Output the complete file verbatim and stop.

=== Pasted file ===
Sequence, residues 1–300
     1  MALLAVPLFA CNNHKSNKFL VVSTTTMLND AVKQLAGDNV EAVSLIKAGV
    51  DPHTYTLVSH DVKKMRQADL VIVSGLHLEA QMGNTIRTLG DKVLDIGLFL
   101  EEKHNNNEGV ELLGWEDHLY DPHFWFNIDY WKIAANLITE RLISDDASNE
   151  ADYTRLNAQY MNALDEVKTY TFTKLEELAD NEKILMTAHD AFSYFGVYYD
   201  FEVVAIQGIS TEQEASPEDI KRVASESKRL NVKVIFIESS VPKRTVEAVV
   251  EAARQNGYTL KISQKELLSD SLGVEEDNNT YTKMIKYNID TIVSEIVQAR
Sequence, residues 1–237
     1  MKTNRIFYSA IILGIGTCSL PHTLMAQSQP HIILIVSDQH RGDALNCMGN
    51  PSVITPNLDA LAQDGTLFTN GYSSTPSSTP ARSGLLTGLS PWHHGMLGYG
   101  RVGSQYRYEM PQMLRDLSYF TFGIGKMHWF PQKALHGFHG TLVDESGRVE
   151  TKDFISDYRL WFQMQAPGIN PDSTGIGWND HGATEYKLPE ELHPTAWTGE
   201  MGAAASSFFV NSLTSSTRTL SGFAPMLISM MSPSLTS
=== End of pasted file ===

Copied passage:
Sequence, residues 1–300
     1  MALLAVPLFA CNNHKSNKFL VVSTTTMLND AVKQLAGDNV EAVSLIKAGV
    51  DPHTYTLVSH DVKKMRQADL VIVSGLHLEA QMGNTIRTLG DKVLDIGLFL
   101  EEKHNNNEGV ELLGWEDHLY DPHFWFNIDY WKIAANLITE RLISDDASNE
   151  ADYTRLNAQY MNALDEVKTY TFTKLEELAD NEKILMTAHD AFSYFGVYYD
   201  FEVVAIQGIS TEQEASPEDI KRVASESKRL NVKVIFIESS VPKRTVEAVV
   251  EAARQNGYTL KISQKELLSD SLGVEEDNNT YTKMIKYNID TIVSEIVQAR
Sequence, residues 1–237
     1  MKTNRIFYSA IILGIGTCSL PHTLMAQSQP HIILIVSDQH RGDALNCMGN
    51  PSVITPNLDA LAQDGTLFTN GYSSTPSSTP ARSGLLTGLS PWHHGMLGYG
   101  RVGSQYRYEM PQMLRDLSYF TFGIGKMHWF PQKALHGFHG TLVDESGRVE
   151  TKDFISDYRL WFQMQAPGIN PDSTGIGWND HGATEYKLPE ELHPTAWTGE
   201  MGAAASSFFV NSLTSSTRTL SGFAPMLISM MSPSLTS